The most reliable and accurate process is x-rays. These images allow the vet to inspect the distances between the horses vertebrae and make an accurate diagnosis, taking care to interpret the individual horse and its natural vertebrae alignment. In some cases nerve blocks will be used to help confirm the diagnosis. Once diagnosed treatment can begin.

Treating Kissing Spine

There remains no clinically approved cure for kissing spine but with careful managing and if caught early enough the majority of horses with early inset of Kissing Spine are able to return to work after a period of care.

Initially the horse will be issued a period of box rest.

Following a period of rest the horse will be introduced to a series of physiotherapy sessions aimed at strengthening the spinal muscles and ligaments surrounding the problem area. Depending on the severity of the condition will result in whether the horse is able to be ridden again, so rest and recuperation are vital before being ridden again.

The majority of horses will require a series of anti-inflammatory and pain medications and in some cases local injections or shockwave therapy. It is this stage where many owners resort to alternative devices such as magnetic boots and supplements to aid their horses recovery as naturally as possible. EQU StreamZ are one of the worlds leading devices in this field. 

Others seek various holistic and natural forms of therapy such as acupuncture, mesotherapy, chiropractic work and further physiotherapy.

More recently a few surgical techniques have been developed and implemented to help horses with kissing spine who have shown no benefit from less invasive methods. There are two main types of kissing spine surgery. One is a form of surgery where the bony spinous processes are removed under general anaesthetic or standing sedation. This surgery is deemed an invasive form of treatment and requires significant rehabilitation and recovery period. The second form is known as Interspinous Ligament Desmotomy (ISLD) and is a less invasive option. This can be done whilst the horse is standing and does not require sedation. This surgery involves cutting the ligaments connecting the effected spinous processes and can result in just a 6 week period of rehabilitation.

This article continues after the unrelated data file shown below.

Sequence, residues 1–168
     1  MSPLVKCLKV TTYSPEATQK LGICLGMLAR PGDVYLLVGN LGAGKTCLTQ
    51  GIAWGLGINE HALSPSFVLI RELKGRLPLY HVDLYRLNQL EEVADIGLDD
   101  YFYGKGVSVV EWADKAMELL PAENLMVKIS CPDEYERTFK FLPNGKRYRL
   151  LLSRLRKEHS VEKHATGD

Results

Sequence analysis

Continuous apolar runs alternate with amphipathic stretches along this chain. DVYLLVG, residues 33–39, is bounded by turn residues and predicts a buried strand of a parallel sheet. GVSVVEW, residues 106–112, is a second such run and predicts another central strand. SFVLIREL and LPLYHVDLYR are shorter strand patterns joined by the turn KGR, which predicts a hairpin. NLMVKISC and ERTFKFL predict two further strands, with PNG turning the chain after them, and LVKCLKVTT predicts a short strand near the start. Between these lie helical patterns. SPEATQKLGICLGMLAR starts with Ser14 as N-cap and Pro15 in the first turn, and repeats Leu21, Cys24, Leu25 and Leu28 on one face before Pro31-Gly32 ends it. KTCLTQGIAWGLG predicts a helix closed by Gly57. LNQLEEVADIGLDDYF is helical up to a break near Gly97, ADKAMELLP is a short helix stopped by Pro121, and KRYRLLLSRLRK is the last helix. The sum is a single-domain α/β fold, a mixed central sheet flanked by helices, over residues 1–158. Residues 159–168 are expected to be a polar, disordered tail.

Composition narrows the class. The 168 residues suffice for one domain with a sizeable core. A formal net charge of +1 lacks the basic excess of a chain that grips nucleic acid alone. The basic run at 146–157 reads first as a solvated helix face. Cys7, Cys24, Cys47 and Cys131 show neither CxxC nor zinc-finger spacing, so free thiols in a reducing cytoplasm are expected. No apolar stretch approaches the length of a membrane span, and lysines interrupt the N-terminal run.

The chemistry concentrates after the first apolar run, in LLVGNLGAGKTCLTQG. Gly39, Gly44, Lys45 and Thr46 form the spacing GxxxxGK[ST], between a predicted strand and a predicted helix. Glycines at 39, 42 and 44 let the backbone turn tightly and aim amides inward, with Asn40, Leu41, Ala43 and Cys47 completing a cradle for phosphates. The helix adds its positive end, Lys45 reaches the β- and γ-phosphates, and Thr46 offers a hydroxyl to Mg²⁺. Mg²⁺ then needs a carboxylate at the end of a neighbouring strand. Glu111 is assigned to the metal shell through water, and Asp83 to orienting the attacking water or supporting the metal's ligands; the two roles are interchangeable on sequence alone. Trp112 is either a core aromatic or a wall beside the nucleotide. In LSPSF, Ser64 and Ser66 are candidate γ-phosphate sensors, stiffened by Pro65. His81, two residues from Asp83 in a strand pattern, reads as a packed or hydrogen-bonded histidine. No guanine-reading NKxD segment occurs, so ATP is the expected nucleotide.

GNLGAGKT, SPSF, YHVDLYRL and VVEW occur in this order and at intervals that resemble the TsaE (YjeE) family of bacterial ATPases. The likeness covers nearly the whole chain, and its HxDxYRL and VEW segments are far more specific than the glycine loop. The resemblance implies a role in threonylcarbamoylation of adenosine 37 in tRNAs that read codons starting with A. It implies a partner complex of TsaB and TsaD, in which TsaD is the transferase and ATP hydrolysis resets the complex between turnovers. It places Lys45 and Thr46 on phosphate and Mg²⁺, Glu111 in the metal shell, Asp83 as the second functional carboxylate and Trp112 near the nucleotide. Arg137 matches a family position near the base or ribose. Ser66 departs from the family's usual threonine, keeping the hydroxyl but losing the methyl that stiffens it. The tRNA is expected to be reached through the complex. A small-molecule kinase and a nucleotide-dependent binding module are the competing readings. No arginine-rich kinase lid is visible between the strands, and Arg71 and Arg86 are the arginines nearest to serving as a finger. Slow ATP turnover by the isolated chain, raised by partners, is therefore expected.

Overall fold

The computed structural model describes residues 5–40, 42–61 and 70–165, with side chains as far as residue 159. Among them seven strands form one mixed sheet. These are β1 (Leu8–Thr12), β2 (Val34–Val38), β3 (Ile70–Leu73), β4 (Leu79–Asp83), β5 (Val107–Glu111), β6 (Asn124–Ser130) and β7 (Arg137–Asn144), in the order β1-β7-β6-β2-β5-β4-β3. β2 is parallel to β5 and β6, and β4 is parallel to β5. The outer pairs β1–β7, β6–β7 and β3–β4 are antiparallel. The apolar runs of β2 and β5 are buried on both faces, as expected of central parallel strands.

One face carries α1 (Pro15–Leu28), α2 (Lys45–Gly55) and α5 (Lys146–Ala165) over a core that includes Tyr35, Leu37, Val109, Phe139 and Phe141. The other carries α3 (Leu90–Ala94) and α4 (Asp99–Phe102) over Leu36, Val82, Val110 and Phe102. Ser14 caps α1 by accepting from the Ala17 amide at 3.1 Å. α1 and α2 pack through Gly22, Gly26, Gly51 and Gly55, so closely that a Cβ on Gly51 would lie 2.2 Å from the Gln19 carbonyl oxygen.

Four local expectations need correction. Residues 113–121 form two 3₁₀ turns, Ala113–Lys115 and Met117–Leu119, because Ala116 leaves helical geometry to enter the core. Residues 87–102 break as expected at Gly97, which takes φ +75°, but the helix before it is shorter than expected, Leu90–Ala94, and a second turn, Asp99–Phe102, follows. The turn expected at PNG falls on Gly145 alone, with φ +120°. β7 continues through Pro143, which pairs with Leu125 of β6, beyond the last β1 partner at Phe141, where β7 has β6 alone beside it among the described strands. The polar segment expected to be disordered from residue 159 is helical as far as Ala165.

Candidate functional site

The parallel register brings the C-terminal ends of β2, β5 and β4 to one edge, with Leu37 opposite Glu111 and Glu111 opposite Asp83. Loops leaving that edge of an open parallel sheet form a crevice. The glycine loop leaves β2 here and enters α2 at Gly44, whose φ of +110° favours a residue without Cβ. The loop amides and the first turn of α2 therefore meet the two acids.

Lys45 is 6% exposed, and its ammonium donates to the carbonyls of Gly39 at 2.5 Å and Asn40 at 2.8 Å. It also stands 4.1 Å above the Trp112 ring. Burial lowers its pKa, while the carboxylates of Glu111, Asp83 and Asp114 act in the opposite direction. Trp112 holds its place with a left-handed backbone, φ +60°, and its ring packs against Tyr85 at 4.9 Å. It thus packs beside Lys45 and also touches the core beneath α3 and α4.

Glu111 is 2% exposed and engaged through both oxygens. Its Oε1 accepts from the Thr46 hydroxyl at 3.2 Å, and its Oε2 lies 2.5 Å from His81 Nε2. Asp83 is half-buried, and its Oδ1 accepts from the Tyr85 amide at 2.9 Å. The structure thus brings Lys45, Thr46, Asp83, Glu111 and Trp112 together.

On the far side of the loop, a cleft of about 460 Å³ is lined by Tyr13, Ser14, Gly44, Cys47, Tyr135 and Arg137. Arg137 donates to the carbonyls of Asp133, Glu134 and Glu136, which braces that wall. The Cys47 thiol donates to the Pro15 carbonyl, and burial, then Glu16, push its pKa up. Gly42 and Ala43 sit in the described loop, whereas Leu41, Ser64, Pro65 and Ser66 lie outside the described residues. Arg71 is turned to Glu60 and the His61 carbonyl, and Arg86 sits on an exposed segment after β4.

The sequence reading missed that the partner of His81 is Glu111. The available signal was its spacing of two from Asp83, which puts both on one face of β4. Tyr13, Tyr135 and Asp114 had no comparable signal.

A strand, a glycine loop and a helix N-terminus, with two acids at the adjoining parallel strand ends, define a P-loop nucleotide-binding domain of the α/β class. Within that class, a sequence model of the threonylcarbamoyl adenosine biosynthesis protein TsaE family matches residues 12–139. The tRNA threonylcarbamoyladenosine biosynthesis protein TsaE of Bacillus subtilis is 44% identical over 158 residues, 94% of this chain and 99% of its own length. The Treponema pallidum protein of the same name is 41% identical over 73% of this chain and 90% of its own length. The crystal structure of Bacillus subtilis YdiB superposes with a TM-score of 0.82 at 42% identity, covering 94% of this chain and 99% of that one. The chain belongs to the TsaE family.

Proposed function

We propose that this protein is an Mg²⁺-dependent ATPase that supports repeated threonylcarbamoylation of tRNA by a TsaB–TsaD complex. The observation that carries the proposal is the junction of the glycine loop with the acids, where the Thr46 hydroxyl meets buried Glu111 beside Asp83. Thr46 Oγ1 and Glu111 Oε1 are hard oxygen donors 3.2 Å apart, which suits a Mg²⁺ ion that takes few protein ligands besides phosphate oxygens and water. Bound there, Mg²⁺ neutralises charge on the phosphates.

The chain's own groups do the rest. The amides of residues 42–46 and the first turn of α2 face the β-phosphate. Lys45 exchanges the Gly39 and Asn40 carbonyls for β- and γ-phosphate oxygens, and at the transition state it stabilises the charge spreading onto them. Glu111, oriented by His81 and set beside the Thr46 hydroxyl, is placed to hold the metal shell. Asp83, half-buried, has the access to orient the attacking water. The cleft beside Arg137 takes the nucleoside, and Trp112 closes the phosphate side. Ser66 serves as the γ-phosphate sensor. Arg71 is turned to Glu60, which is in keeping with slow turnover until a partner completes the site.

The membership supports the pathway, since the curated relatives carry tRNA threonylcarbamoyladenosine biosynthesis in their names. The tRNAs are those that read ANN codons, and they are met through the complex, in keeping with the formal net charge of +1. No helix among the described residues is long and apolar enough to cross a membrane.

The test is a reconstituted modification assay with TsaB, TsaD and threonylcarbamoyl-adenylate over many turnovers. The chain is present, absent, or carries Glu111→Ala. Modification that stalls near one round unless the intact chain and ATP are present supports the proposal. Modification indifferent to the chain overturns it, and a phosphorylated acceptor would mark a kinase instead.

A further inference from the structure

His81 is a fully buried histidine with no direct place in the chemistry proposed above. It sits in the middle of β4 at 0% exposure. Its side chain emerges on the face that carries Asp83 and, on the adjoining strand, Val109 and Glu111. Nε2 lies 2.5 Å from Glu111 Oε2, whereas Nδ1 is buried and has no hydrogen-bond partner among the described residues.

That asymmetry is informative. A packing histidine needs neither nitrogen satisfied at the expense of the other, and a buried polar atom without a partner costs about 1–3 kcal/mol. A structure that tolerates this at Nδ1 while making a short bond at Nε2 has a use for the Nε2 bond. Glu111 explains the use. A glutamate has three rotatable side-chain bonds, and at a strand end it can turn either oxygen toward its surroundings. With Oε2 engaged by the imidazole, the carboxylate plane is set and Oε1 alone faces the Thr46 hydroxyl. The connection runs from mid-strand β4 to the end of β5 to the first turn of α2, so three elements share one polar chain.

Frequently Asked Questions: Kissing Spine

How do I test whether my horse has kissing spine?

Early signs of kissing spine can be made based on the horses history and a quick physical examination followed by radiograph Images (X-Rays).

Where is kissing spine normally found on a horse?

Kissing Spine is most commonly located on the spine of the horse, under where the saddle rests.

Is Kissing Spine genetic?

Kissing Spine is a degenerative condition caused over a period of time through movement of the vertebrae, it is not thought to be genetical.

Why is it called kissing spine?

Kissing Spine is a disease of the spine which leads to the upper dorsal processes of the vertebrae reducing meaning the vertebrae actually touch, or kiss, causing bone-on-bone contact and the pain associated with the condition.



Matt Campbell

Matt is a leading expert in the magnetic therapy industry and writes articles for StreamZ Global and various other publications.